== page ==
About the collection

The Mildred Lane Kemper Art Museum is one of the oldest teaching museums in the country.

19th Century
Established in 1881 as the St. Louis School and Museum of Fine Arts, a department of Washington University, the Museum was initially located in a neo-Renaissance building in downtown St. Louis under the direction of artist Halsey C. Ives. Building on a collection that already included such works as Harriet Hosmer's Oenone  (1854–55) and Thomas Ball's Freedom's Memorial  (1875), Ives began acquiring works by prominent contemporary European and American artists—such as William Merritt Chase and Julien Dupré—and expanding the Museum's collection of plaster casts and applied arts. In 1905, St. Louis banker and private collector Charles Parsons donated his extensive collection of fine art to the University's Museum of Fine Arts. Like many American collectors of the time, Parsons favored French salon art and landscape painting. His donation, which included Narcisse Virgile Diaz de la Peña's Wood Interior (1867) and Frederic Edwin Church's Sierra Nevada de Santa Marta (1883), shifted the collection's emphasis away from applied arts and material culture.

Early 20th Century
In 1906, the collection was moved to the Palace of Fine Arts in Forest Park, a building designed by architect Cass Gilbert for the 1904 Louisiana Purchase Exposition. In 1909, with Ives as director, the public City Art Museum was formed (now the Saint Louis Art Museum) and detached from the private Washington University. The University collection, however, remained on loan there for the next several decades. Over these years, the collection continued to expand, with the acquisition of works by old masters such as Dürer and Rembrandt, as well as Native American art and a large number of oil portraits, including William Hogarth's Lord Grey and Lady Mary West as Children (c. 1740) and Thomas Eakins's Portrait of Professor W.D. Marks (1886).

Mid-20th Century
German exile H.W. Janson joined the faculty of Washington University's Department of Art History and Archaeology in 1941. Soon afterward he initiated an expansive program to revitalize the University's Museum. Janson deaccessioned over 600 objects and used the proceeds to acquire approximately 40 works of modern art, including examples of Cubism, Expressionism, and Surrealism, among other predominantly European modernist movements and trends, in order to build the "finest collection of contemporary art assembled on any American campus." Janson's acquisitions included Max Beckmann's Les Artistes mit Gemüse (Artists with Vegetable), 1943, Georges Braque's Nature Morte et Verre (Still Life with Glass), 1930, Theo van Doesburg's Compositie VII: "de drie Gratiën" (Composition VII: The Three Graces), 1917, Max Ernst's L'oeil du silence (The Eye of Silence), 1943–44, Juan Gris's Damier et Cartes à Jouer (Checkerboard and Playing Cards), 1916, and Pablo Picasso's La Bouteille de Suze (Bottle of Suze), 1912. Janson also planned for a permanent building on campus to house the collection, eventually leading to the opening of Steinberg Hall in 1960 and the Museum's new name, the Washington University Gallery of Art.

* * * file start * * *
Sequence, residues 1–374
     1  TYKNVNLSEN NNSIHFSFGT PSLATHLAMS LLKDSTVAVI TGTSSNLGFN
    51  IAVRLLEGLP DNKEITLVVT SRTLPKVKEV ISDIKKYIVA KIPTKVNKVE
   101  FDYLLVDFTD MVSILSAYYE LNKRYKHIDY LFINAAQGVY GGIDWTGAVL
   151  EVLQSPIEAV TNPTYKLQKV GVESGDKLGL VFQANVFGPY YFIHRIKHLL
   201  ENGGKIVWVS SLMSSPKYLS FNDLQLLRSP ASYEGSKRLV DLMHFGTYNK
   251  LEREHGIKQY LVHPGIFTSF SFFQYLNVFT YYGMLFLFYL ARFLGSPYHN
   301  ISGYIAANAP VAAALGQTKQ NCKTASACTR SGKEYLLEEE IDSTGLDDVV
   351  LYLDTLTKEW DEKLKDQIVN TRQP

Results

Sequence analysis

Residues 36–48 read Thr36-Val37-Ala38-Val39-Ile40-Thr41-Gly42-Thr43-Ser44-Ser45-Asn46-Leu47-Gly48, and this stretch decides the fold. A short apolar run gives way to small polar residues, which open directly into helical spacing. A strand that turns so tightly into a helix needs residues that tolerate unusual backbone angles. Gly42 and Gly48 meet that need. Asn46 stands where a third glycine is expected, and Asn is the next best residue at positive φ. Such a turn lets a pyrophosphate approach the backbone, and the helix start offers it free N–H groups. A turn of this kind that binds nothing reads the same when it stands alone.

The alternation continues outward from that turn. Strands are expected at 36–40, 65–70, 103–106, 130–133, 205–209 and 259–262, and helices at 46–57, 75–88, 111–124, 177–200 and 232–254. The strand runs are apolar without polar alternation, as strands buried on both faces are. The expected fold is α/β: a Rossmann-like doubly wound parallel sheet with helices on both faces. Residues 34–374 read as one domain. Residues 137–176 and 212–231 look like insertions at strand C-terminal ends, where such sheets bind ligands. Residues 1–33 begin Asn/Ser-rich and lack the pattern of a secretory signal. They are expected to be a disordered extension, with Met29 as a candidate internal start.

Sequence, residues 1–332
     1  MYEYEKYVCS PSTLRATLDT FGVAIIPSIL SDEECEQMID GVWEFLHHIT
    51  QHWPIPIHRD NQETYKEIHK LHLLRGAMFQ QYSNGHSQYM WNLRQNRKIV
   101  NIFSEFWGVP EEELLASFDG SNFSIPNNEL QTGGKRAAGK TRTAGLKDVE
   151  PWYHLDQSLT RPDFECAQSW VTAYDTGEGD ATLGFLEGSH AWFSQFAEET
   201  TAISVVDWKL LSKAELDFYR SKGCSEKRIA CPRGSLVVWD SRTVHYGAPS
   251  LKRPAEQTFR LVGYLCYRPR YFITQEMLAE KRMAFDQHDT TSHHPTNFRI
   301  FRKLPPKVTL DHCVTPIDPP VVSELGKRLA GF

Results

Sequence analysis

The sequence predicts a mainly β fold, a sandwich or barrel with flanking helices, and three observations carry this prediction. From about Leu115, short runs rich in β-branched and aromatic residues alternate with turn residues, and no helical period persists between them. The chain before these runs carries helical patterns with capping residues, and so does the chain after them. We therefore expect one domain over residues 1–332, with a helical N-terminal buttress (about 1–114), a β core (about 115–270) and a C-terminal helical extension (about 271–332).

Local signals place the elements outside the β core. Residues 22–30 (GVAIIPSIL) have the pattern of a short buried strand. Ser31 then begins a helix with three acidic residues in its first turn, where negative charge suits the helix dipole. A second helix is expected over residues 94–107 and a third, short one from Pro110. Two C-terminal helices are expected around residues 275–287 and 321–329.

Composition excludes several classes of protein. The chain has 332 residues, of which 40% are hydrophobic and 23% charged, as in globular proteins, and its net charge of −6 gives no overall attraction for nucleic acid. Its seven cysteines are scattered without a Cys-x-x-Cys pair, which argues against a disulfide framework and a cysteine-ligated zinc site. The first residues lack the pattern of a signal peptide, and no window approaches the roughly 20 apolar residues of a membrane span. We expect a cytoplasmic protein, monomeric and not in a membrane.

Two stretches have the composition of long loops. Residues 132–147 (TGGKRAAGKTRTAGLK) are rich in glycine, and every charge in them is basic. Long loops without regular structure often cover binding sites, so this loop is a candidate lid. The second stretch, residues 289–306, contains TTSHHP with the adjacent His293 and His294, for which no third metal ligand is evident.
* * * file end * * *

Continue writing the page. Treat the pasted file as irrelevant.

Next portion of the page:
In the 1950s and 1960s, Janson's successors, among them Frederick Hartt and William N. Eisendrath, Jr., and prominent St. Louis collectors—Joseph Pulitzer, Jr., Morton D. May, Etta Steinberg, Sydney M. Shoenberg, Florence and Richard K. Weil, and others—extended the collection through the addition of significant works of modern art by contemporary European and American artists. These included Jackson Pollock's Sleeping Effort (1953), Eduardo Chillida's Rumor de Limites #4 (Rumor of Limits), 1960, Lucio Fontana's Spatial Concept, New York 22 (1962), and Robert Rauschenberg's Choke (1964).

21st Century
The Museum has continued this legacy of acquiring leading contemporary artworks that represent major international aesthetic positions into the 21st century. Holdings acquired in the 1980s and 1990s include works by Lorna Simpson, Barbara Kruger, Jenny Holzer, Kiki Smith, John Baldessari, and Tim Rollins. More recent acquisitions include works by such leading contemporary artists as Franz Ackermann, Christian Boltanski, Cosima von Bonin, Olafur Eliasson, Günther Förg, Isa Genzken, Candida Höfer, Michel Majerus, Edward Ruscha, Katharina Sieverding, and Wolfgang Tillmans.

In 2004 the Museum was renamed the Mildred Lane Kemper Art Museum, becoming part of the Sam Fox School of Design & Visual Arts. The Museum opened in its current building, designed by Pritzker Prize-winning architect Fumihiko Maki, on October 25, 2006.